Researchers at the University of Nottingham have combined 3-D-printing of both stem cells and polymer bone scaffolding. Not only can the method repair defects, but it will eventually grow entire organs.
We admit that 3-D-printing out feet for wee ducks is cool (and perhaps more useful than a Lego prosthetic), but medical science, as always, is barreling ahead. The marriage between medicine and technology has produced yet another miracle solution: 3-D-printing bone scaffolds and layering them with 3-D-printed stem cells (the first printing of which was announced last February). After three months–poof, the scaffold degrades, leaving a new stem cell-grown bone to replace defects.
Of course, itâ€™s not as easy as picking up a desktop 3-D printer and going to town: the printed bone scaffolding needs to be precisely created using a 3-D bioprinter that spits out a polymer of polylactic acid (for strength) and gelatinous alginate (for cushioning). Critical to that creation is the delicate installation of printed-out blood vessels, a precision that requires manipulation at the cellular level, said Kevin Shakeshaff, Professor of Pharmacy at the University of Nottingham in England.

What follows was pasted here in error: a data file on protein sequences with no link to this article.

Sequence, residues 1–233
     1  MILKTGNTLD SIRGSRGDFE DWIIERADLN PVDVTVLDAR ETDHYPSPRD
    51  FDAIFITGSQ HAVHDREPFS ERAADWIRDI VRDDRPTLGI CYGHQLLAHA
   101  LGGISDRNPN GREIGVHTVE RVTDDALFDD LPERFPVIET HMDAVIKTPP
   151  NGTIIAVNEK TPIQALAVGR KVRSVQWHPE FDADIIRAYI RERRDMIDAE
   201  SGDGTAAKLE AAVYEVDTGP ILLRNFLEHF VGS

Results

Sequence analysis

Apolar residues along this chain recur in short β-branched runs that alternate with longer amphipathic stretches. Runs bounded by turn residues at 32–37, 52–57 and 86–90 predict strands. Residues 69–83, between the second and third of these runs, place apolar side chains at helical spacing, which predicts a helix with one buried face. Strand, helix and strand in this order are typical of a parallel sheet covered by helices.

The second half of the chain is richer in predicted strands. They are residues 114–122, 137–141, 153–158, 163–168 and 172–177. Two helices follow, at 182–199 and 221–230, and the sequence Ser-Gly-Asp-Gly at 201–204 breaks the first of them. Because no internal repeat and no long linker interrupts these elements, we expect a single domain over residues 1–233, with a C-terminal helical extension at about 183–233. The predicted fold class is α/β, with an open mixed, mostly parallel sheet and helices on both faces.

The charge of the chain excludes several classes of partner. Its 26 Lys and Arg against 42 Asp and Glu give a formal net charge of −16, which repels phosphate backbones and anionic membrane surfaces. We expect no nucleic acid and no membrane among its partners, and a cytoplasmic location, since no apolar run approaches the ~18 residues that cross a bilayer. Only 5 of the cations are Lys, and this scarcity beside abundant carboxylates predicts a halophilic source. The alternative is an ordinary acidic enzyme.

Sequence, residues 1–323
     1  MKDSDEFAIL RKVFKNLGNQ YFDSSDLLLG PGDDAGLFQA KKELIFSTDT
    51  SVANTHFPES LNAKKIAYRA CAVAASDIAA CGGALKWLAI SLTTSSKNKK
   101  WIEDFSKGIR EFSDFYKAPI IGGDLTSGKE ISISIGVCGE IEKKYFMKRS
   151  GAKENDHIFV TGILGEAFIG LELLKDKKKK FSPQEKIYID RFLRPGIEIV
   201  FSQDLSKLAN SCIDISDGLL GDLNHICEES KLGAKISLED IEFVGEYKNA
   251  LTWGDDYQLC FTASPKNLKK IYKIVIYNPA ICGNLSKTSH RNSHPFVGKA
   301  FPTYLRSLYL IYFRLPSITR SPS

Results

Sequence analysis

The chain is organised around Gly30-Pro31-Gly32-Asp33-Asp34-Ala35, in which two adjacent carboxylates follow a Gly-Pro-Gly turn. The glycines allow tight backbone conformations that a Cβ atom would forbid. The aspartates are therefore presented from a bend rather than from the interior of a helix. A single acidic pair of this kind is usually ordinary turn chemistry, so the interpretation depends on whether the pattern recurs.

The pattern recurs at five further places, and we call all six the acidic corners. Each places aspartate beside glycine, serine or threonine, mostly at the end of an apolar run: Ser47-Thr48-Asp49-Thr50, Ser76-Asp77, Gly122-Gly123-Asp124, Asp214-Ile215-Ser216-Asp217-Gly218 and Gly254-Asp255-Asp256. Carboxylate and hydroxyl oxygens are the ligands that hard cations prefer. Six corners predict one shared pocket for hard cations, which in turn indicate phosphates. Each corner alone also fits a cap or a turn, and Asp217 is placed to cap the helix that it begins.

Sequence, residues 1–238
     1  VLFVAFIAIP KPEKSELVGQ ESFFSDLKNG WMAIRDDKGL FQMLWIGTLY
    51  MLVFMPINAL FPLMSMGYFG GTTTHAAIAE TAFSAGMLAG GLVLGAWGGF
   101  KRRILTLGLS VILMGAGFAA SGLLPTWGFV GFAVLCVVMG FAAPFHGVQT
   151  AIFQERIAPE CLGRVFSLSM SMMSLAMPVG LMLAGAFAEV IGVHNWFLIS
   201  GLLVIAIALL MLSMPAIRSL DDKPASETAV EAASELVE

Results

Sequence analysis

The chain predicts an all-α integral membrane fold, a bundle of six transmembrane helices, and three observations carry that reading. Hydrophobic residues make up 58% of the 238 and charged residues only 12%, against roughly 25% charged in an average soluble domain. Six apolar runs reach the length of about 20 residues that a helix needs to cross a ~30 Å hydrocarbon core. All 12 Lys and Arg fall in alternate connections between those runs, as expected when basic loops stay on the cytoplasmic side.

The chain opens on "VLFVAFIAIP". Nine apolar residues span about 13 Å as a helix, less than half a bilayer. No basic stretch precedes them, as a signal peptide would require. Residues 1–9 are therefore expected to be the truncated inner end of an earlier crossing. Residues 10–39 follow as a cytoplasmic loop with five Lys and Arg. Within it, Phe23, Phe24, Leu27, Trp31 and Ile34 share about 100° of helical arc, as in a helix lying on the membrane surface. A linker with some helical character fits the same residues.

“The first advantage is you get something in the exact shape of the defect you’re trying to replace,” Shakeshaff said. “More subtly, you have the ability to organize where the cells go within the scaffold,” he said, adding that it leads to better blood vessel formation and ultimately better bone formation.
To accomplish such microscopic dexterity, researchers at the University of Nottingham who are pioneering the technology have crafted optical â€œlaser tweezersâ€–a pair of lasers that, when crossed, create an attractive force to move cells. The printed scaffolding replicates the bone defect and then the researchers continually shift the blood vessels with the superprecise tweezers, guiding the development of a proper bone. But the tweezers are as much a tool as a research opportunity: Shakeshaff said that their microscopic precision will allow them to play with many other types of cells, which could lead to development of scaffolding and stem cell repair of more complex tissues for the liver or heart, which typical stem cells arenâ€™t suitable to build. To find appropriate stem cells for those, one must go to embryonic stem cells.
Shakeshaff and his peers from the University of Nottingham are exhibiting the 3-D-bioprinting tech at Londonâ€™s Royal Science Societyâ€™s Summer Science Exhibition, running July 2 through Sunday. Attendees can play with the laser tweezers, craft veins, and print scaffolds for skulls and bones themselves. Shakeshaff says the bioprinting technology could be deployed within five years and clinically applied in a decadeâ€™s time.
[Image: Flickr user Starpause Kid]